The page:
May you steer a steady course and everything go well,

No obstacles your pathway cross, when you ring the belle!


Image source: Christmas Card, c. 1898 from The Lady Cyclist: A Gender History of Women’s History in 1890s London, PhD Dissertation, York University, 2009

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Over the Alps on a Bicycle by Elizabeth Robins Pennell Available for Kindle

Over the Alps on a Bicycle, www.sheilahanlon.com

Elizabeth Robins Pennell’s 1898 book Over the Alps on a Bicycle, illustrated by her husband Joseph Pennell, is now available on Kindle. This edition was “re-mastered” so to speak as an e-book by Cathy Ryan for Eltanin Publishing from the original print copy.

My introduction to the new edition, now available on Kindle, explains the significance of the book and provides a biographical sketch of the author, with details of her opinions about cycling and how her rides fit into the politics of the late nineteenth century world. There is a bonus article at the end of the book, Pennell’s 1894 essay “Cycling” from Lady Greville’s Ladies in the Field: Sketches of Sport.

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Imperial Bicyclists: Women travel writers on wheels in the late nineteenth and early twentieth century world

Pennell and Workman Portraits

Early one morning at the end of August 1884, Elizabeth Robins Pennell and her husband Joseph Pennell strapped their luggage to their tricycle and wheeled out of Russell Square before anyone else was stirring. They headed south toward London Bridge, cutting through thick fog and passing a policeman carefully testing every door on his last rounds as they made their way through the quiet streets.

Just beyond Borough, they stopped briefly at the corner where the Tabard Inn had once stood, which was made famous by Chaucer five hundred years earlier as the assembly place for his nine and twenty pilgrims travelling to Thomas Becket’s shrine. This auspicious spot was the starting point of the Pennells’ own Canterbury tale, the first of many adventures a-wheel and the start of a series of popular travel books recounting their cycling excursions throughout England and Europe.

A decade later, another couple, Fanny Bullock Workman and William Hunter Workman made a name for themselves as travel writers documenting similar but more ambitious bicycle trips to remote destinations in Europe, the Sahara and India. Who were the pioneering women cyclists and writers that made up one half of each of these couples, what motivated them to embark on these journeys, and how did their experiences differ over the decade that divided them?

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“Woman power” bicycle kanga from The British Museum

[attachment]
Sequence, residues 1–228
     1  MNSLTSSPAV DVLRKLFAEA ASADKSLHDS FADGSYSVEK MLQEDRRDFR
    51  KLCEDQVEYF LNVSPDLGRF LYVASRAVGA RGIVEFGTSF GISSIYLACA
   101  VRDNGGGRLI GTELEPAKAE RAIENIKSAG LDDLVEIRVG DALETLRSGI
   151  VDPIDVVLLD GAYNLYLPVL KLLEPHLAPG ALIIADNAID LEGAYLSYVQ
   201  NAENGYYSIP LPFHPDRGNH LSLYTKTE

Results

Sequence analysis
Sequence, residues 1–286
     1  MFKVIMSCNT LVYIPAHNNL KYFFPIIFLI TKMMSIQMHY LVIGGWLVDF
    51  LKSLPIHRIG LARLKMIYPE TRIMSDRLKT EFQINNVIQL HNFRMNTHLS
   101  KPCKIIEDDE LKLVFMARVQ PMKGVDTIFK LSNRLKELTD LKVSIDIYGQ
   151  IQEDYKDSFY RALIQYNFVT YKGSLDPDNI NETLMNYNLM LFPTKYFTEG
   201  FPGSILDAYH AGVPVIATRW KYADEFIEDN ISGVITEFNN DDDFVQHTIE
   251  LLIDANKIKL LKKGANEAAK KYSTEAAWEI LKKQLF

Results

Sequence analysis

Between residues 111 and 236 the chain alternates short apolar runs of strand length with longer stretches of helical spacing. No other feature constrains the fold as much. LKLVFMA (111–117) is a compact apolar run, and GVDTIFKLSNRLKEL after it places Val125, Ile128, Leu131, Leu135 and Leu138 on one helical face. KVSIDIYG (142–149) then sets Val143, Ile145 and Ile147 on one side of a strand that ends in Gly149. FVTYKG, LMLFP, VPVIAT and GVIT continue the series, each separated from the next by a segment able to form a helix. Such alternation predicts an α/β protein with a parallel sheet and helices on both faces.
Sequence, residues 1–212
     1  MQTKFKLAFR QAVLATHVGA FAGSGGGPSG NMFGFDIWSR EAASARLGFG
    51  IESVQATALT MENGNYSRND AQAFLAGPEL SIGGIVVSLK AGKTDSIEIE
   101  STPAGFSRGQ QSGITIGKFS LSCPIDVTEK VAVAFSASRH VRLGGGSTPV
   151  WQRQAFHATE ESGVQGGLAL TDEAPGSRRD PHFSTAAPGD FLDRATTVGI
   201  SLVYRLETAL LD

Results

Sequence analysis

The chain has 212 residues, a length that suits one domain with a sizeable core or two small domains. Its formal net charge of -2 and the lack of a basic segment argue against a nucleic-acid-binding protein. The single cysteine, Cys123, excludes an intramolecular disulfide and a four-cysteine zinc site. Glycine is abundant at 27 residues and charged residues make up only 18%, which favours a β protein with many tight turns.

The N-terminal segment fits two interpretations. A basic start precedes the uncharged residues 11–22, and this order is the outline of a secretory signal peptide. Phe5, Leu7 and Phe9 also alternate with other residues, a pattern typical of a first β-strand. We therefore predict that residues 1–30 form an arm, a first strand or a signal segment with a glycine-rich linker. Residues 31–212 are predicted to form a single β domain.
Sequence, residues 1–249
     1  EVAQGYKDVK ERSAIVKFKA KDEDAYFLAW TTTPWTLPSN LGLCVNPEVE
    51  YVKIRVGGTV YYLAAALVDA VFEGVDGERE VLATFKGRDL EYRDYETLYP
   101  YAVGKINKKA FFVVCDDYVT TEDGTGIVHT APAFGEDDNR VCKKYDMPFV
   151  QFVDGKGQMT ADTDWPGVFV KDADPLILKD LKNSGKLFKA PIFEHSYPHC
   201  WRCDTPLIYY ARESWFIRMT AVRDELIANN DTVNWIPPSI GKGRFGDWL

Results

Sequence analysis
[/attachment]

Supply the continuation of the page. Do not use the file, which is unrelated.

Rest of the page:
Powerful women on bicycles are everywhere these days–even in the stairwells of The British Museum!

The “Woman power” bicycle kanga shown above hangs in The British Museum’s North Stairs near the Africa galleries. It was printed for the Kali Mata Ki Jai (KMKJ) women’s centre in Gezaulole, Tanzania in 2005. The “woman power” kanga shows a woman on her bicycle with a cargo basket full to the brim. She smiles as she pumps the peddles, riding towards her destination with confidence and determination. Text along the lower side of the print reads “Mwanamke ni Chachu ya Maendeleo,” which translates to “woman is the yeast for development.”

The Kali Mata Ki Jai women’s centre of Gezaulole was established in 1990 by three local women who’s objective was to contribute to development and improve conditions for women in their community, a village of about 5000 people located 10 mile south of Dar es Salaam on the east coast of Tanzania. The centre’s name translates to “long live the black mother.” Before long, a group of ten women were working on projects through the collective. Kali Mata Ki Jai supports women through micro credit training, marketable crafts such as printed cotton and basketry, henna production, small scale farming of crops such as mushrooms, and cycling lessons for girls and women. A charitable foundation based in the Netherlands, KMKJ-ND, which sees cooperation among women in rural communities as a starting point for development, has worked with the centre since 2000.

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Flora Drummond: The Suffragette General

www.sheilahanlon.com_flora_drummondThere’s a new addition the Wheelwomen pages, Flora Drummond.

Check out her entry by clicking thr link above to find out more about how, as a member of the WSPU organising body, Flora contributed to the WSPU cause in England and Scotland.

As usual, there’s some cycling involved!

Wheelwomen is an index of biographies of prominent lady cyclists from the late nineteenth and early twentieth centuries. The page is updated regularly, so do pop by to look for new profiles.